What Is a Solvency Ratio?
A solvency ratio is a key metric used to measure an enterprise’s ability to meet its long-term debt obligations and is used often by prospective business lenders. A solvency ratio indicates whether a company’s cash flow is sufficient to meet its long-term liabilities and thus is a measure of its financial health. An unfavorable ratio can indicate some likelihood that a company will default on its debt obligations.
The main solvency ratios are the debt-to-assets ratio, the interest coverage ratio, the equity ratio, and the debt-to-equity ratio. These measures may be compared with liquidity ratios, which consider a firm's ability to meet short-term obligations rather than medium- to long-term ones.
- A solvency ratio examines a firm's ability to meet its long-term debts and obligations.
- The main solvency ratios include the debt-to-assets ratio, the interest coverage ratio, the equity ratio, and the debt-to-equity ratio.
- Solvency ratios are often used by prospective lenders when evaluating a company's creditworthiness as well as by potential bond investors.
- Solvency ratios and liquidity ratios both measure a company's financial health but solvency ratios have a longer-term outlook than liquidity ratios.
Understanding Solvency Ratios
A solvency ratio is one of many metrics used to determine whether a company can stay solvent in the long term.
A solvency ratio is a comprehensive measure of solvency, as it measures a firm's actual cash flow, rather than net income, by adding back depreciation and other non-cash expenses to assess a company’s capacity to stay afloat.
It measures this cash flow capacity in relation to all liabilities, rather than only short-term debt. This way, a solvency ratio assesses a company's long-term health by evaluating its repayment ability for its long-term debt and the interest on that debt.
Solvency ratios vary from industry to industry. A company’s solvency ratio should, therefore, be compared with its competitors in the same industry rather than viewed in isolation.
A solvency ratio terminology is also used in regard to insurance companies, comparing the size of its capital relative to the premiums written, and measures the risk an insurer faces on claims it cannot cover.
Types of Solvency Ratios
Interest Coverage Ratio
The interest coverage ratio is calculated as follows:
The interest coverage ratio measures the ability of a company to meet the interest payments on its debt with its earnings. Specifically, it measures how many times over a company can meet its interest payment with its current earnings, as such, it includes a margin of safety.
The higher the ratio, the better. If the ratio falls to 1.5 or below, it may indicate that a company will have difficulty meeting the interest on its debts.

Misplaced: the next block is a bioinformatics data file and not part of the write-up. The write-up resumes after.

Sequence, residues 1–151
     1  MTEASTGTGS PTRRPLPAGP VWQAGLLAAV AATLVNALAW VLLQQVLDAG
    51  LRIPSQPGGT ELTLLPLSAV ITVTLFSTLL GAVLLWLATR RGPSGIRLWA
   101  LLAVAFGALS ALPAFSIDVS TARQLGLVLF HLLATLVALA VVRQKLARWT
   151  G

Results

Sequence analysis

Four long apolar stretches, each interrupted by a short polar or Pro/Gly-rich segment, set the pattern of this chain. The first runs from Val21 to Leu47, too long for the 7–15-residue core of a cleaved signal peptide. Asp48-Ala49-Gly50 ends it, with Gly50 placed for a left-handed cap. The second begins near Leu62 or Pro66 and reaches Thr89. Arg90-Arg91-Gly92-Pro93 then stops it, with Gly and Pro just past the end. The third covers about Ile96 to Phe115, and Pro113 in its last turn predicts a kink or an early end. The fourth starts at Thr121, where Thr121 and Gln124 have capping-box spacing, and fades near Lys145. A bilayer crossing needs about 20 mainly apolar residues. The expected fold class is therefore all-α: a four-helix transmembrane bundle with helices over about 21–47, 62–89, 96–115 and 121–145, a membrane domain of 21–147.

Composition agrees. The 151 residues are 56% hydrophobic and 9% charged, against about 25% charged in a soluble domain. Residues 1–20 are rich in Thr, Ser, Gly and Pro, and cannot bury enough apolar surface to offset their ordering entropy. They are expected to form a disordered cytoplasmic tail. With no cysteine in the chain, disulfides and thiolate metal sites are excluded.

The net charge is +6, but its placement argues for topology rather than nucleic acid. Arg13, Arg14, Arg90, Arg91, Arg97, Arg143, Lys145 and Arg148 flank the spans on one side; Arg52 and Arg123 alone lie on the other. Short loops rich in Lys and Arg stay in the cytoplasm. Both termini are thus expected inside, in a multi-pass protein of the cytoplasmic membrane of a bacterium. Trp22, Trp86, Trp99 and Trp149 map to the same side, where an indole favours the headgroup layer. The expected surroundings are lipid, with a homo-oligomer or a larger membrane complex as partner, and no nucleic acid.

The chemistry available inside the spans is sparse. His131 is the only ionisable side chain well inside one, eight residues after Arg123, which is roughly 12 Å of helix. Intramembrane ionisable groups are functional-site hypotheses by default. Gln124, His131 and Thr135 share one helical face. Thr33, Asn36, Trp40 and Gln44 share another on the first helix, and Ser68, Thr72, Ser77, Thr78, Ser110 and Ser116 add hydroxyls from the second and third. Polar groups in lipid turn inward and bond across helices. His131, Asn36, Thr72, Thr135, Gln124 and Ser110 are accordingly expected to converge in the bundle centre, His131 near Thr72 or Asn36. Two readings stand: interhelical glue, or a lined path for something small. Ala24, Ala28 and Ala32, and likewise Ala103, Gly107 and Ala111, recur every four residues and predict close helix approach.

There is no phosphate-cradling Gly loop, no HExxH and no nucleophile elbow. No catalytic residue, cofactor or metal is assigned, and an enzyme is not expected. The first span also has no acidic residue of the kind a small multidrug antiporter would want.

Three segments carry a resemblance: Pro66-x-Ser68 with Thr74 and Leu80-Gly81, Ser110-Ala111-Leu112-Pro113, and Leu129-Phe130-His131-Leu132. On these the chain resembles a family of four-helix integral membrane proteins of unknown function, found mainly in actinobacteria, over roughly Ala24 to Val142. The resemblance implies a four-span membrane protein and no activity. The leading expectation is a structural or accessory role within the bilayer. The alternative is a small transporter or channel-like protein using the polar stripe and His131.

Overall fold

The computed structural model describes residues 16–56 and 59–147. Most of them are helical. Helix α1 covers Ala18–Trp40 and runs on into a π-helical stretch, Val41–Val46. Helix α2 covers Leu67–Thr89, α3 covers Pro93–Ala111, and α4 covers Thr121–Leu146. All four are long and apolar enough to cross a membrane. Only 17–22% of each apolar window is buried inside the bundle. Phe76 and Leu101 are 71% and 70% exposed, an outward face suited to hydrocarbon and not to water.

The debt-to-assets ratio is calculated as follows:
The debt-to-assets ratio measures a company's total debt to its total assets. It measures a company's leverage and indicates how much of the company is funded by debt versus assets, and therefore, its ability to pay off its debt with its available assets.
A higher ratio, especially above 1.0, indicates that a company is significantly funded by debt and may have difficulty meetings its obligations.
The shareholder equity ratio is calculated as follows:
The equity ratio, or equity-to-assets, shows how much of a company is funded by equity as opposed to debt. The higher the number, the healthier a company is. The lower the number, the more debt a company has on its books relative to equity.
The debt-to-equity (D/E) ratio is calculated as follows:
The debt-to-equity ratio is similar to the debt-to-assets ratio, in that it indicates how a company is funded, in this case, by debt. The higher the ratio, the more debt a company has on its books, meaning the likelihood of default is higher. The ratio looks at how much of the debt can be covered by equity if the company needed to liquidate.
Limitations of Solvency Ratios
A company may have a low debt amount, but if its cash management practices are poor and accounts payable are surging as a result, its solvency position may not be as solid as would be indicated by measures that include only debt.
It's important to look at a variety of ratios to understand the true financial health of a company, as well as understanding the reason that a ratio is what it is. Furthermore, a number itself won't give much of an indication. A company needs to be compared to its peers, particularly the strong companies in its industry, to determine if the ratio is an acceptable one or not.
For example, an airline company will have more debt than a technology firm just by the nature of its business. An airline company has to buy planes, pay for hangar space, and buy jet fuel; costs that are significantly more than a technology company will ever have to face.
Solvency Ratios vs. Liquidity Ratios
Solvency ratios and liquidity ratios are similar but have some important differences. Both of these categories of financial ratios will provide an indication of the health of a company. The main difference is that solvency ratios are a longer-term outlook on a company whereas liquidity ratios are a shorter-term outlook.
Solvency ratios look at all assets of a company, including long-term debts such as bonds with maturities longer than a year; whereas liquidity ratios look at just the most liquid assets, such as cash and marketable securities, and how those can be used to cover upcoming obligations in the near term.